(11) That Newport [Water Division] does not oppose all 11 Sub Lots receiving water through PWFD's water main. (Stipulated Facts, Sept. 8, 2017) (emphasis in original omitted).

         Middle Creek argues that it is entitled to summary judgment based on two theories. First, that the undisputed facts support this Court's granting summary judgment based on equitable principles. After review of the documents filed, the arguments of counsel and the appropriate law, the Court finds that there are genuine issues of material fact regarding Middle Creek's claim for equitable relief, and thus, summary judgment is inappropriate in that regard. Therefore, summary judgment is denied on that basis.

         Middle Creek also seeks summary judgment based upon the language of PWFD's Charter (the Charter) and G.L. 1956 § 46-15-2. Middle Creek contends that the matter before the Court is essentially a matter of statutory construction and that the undisputed facts, when applied to the language of the Charter, require that all of the lots that have a portion of property in Portsmouth be entitled to connect to the PWFD water system. Middle Creek further argues that pursuant to § 46-15-2, PWFD may "extend its supply and distribution mains" and "supply water" outside its district because it has legally supplied water to a location in Middletown in the past.

         PWFD objects, alleging that the use of the word "inhabitants" as used in Section 5 of the Charter requires that the actual residence be located within Portsmouth in order to be eligible for water service and that § 46-15-2 prohibits water service beyond the boundaries of the PWFD, at least until various state agencies give their approval. The Court will address each argument in turn.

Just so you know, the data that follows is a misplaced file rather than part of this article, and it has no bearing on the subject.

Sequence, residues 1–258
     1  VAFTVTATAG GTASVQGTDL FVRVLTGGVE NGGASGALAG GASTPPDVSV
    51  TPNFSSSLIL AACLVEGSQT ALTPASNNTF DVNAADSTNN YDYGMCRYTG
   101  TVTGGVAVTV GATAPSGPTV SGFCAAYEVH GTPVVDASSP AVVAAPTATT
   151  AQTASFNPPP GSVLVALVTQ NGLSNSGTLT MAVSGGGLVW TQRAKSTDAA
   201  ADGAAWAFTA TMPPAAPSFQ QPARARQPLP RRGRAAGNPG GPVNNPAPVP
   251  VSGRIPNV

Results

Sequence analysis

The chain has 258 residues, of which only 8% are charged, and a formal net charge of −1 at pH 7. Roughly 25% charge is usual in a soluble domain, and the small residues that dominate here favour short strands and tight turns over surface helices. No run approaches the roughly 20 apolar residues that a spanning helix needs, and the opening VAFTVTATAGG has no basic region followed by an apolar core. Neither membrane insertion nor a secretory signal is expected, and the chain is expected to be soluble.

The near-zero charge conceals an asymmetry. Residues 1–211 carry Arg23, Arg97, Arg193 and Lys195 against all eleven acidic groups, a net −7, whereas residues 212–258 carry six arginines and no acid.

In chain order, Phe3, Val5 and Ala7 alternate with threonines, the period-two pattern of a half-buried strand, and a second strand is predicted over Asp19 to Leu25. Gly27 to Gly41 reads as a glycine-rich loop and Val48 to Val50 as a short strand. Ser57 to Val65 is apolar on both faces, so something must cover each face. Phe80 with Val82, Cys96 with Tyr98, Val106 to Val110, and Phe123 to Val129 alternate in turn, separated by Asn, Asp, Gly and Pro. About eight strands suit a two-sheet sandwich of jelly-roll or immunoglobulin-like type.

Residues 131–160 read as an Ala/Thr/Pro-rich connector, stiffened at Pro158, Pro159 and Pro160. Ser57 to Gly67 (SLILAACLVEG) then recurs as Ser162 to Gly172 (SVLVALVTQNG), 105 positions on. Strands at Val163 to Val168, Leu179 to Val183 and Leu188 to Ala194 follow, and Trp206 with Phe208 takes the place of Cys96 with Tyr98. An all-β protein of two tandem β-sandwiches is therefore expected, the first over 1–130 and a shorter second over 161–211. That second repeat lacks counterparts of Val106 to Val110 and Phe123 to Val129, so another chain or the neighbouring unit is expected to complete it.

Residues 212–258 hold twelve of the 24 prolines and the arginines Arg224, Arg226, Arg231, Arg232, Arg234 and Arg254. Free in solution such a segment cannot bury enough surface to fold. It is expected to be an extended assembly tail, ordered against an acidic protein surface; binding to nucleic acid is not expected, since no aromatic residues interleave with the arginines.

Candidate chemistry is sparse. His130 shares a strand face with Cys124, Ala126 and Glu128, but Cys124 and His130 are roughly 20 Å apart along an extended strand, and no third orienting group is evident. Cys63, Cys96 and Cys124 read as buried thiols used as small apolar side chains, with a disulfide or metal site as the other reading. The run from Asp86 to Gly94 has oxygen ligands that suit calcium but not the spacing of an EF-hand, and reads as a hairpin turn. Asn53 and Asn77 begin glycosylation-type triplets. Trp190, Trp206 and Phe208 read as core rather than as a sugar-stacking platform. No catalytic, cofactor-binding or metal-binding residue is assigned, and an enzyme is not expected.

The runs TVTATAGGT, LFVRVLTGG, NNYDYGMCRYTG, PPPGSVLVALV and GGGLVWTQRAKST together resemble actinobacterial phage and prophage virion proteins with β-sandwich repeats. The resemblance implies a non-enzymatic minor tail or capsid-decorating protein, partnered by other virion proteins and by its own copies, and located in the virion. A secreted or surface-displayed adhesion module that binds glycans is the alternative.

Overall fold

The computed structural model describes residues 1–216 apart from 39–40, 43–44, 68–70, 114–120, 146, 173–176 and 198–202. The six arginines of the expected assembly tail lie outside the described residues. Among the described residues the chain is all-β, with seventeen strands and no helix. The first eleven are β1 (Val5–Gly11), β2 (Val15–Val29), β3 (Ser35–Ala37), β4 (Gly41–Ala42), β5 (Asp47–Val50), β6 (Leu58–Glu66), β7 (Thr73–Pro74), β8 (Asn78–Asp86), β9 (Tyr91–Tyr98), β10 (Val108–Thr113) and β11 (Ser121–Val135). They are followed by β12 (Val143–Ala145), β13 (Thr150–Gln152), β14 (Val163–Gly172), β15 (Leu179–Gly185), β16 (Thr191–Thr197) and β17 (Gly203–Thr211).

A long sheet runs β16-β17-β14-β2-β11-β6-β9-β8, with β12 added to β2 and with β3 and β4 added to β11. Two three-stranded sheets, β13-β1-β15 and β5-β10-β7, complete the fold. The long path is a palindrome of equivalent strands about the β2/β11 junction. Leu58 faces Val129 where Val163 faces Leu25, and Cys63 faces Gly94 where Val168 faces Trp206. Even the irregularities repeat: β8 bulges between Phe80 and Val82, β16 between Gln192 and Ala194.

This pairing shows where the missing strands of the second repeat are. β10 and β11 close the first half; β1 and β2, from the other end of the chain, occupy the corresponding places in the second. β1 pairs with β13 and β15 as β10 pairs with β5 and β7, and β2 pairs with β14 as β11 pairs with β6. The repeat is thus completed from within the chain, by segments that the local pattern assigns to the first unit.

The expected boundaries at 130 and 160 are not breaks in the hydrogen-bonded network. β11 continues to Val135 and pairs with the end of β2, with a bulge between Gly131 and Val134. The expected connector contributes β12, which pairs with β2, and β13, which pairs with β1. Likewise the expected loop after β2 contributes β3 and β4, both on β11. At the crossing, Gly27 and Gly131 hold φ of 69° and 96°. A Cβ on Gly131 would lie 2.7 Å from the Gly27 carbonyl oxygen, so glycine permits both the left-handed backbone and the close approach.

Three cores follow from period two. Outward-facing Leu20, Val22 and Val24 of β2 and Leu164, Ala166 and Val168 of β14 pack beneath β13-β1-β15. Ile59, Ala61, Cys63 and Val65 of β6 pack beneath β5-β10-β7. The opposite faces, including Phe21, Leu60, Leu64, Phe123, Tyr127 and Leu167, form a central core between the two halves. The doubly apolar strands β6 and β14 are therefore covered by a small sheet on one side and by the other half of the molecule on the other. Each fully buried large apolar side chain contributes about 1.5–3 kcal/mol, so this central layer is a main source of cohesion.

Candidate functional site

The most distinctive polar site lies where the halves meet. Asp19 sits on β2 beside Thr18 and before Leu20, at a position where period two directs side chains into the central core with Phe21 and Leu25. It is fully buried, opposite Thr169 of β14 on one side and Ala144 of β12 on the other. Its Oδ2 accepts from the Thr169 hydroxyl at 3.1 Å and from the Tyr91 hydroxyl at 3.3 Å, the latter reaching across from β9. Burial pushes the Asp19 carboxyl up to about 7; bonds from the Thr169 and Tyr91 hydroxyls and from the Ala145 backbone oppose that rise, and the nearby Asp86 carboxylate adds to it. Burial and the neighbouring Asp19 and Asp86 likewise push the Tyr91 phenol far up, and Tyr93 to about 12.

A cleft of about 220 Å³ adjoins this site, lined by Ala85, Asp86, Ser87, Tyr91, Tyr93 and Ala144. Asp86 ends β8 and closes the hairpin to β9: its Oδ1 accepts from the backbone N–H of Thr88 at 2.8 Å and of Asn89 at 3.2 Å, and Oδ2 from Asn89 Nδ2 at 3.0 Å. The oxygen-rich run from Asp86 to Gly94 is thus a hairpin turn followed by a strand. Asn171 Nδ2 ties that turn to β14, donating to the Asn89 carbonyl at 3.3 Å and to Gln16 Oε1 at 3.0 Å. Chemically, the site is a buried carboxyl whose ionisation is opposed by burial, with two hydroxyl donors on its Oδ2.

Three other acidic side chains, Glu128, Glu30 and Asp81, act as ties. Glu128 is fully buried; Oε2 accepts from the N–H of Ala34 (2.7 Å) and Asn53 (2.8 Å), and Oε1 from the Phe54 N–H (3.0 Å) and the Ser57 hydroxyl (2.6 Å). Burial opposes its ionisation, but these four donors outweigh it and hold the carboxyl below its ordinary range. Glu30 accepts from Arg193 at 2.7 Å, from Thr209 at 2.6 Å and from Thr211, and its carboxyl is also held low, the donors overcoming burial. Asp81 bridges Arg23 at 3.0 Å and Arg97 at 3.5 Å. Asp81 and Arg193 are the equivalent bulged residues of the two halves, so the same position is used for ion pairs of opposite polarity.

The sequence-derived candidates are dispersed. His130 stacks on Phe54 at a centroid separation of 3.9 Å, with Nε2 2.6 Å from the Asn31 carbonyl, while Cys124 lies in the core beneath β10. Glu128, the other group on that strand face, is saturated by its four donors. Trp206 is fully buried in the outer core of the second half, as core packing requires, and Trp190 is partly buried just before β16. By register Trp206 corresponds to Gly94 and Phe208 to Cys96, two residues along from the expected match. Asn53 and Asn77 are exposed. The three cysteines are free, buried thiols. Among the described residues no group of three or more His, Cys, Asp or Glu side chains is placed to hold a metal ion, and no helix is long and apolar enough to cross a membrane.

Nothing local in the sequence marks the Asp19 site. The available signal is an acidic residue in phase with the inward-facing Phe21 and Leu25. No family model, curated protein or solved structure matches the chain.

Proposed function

II

         Middle Creek's Motion for Summary Judgment

         A

         Standard of Review

         Superior Court Rule of Civil Procedure 56(c) provides that a court should grant summary judgment "if the pleadings, depositions, answers to interrogatories, and admissions on file, together with the affidavits, if any, show that there is no genuine issue as to any material fact and that the moving party is entitled to judgment as matter of law." Super. R. Civ. P. 56(c). When "ruling on a motion for summary judgment the [hearing] justice must consider affidavits and pleadings in the light most favorable to the opposing party, and only when it appears that no genuine issue of material fact is asserted can summary judgment be ordered." O 'Connor v. McKanna, 116 R.I. 627, 633, 359 A.2d 350, 353 (1976) (citation omitted). The nonmoving party "carries the burden of proving by competent evidence the existence of a disputed material issue of fact and cannot rest on allegations or denials in the pleadings or on conclusions or legal opinions." Accent Store Design, Inc. v. Marathon House, Inc., 674 A.2d 1223, 1225 (R.I. 1996). Accordingly, summary judgment is appropriate if the nonmoving party '"fails to make a showing sufficient to establish the existence of an element essential to that party's case."' Beauregard v. Gouin, 66 A.3d 489, 493 (R.I. 2013) (quoting Lavoie v. Ne. Knitting, Inc., 918 A.2d 225, 228 (R.I. 2007)). The mere existence of a factual dispute alone will not preclude summary judgment; rather, '"the requirement is that there be no genuine issue of material fact.'" Bucci v. Hurd BuickPontiac CMC Truck, LLC, 85 A.3d 1160, 1170 (R.I. 2014) (quoting Anderson v. Liberty Lobby, Inc., 477 U.S. 242, 248 (1986)) (emphasis in original). An issue is "genuine" if the pertinent evidence is such that a rational factfinder could resolve the issue in favor of either party, and a fact is "material" if it has the capacity to sway the outcome of the litigation under the applicable law. Nat'l Amusements, Inc. v. Town of Dedham, 43 F.3d 731, 735 (1st Cir. 1995).

         B